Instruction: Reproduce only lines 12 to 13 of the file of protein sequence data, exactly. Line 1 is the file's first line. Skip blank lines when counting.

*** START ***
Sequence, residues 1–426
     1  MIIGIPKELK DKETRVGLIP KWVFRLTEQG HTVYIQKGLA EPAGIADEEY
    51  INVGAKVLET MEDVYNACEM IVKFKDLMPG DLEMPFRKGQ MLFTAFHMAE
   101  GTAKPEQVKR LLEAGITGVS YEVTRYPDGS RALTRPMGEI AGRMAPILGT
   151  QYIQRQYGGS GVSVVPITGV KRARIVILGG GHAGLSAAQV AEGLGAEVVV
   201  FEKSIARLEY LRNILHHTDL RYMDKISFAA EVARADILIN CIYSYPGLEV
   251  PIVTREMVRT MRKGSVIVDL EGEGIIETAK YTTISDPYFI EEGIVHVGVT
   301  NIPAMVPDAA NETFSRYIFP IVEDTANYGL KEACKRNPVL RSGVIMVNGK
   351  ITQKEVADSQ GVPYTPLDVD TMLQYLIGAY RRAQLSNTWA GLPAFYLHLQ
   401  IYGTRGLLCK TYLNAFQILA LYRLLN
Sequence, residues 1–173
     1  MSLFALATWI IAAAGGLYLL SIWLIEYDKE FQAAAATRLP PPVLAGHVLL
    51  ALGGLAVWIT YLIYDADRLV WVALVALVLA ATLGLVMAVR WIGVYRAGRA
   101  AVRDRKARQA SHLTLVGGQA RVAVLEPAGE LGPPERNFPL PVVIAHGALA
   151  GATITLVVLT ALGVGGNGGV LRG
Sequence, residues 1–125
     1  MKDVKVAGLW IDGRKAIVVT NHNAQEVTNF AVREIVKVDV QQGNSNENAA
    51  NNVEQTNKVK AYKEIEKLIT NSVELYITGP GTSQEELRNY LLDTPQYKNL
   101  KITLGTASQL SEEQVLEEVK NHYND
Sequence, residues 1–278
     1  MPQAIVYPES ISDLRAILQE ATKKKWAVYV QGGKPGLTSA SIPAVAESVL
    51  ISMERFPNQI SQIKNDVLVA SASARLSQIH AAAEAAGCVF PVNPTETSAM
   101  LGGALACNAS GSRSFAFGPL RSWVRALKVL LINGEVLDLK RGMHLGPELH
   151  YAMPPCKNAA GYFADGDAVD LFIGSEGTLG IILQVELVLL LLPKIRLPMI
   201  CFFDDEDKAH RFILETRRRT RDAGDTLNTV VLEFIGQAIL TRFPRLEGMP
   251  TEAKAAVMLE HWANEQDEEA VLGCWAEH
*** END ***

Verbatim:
     1  MSLFALATWI IAAAGGLYLL SIWLIEYDKE FQAAAATRLP PPVLAGHVLL
    51  ALGGLAVWIT YLIYDADRLV WVALVALVLA ATLGLVMAVR WIGVYRAGRA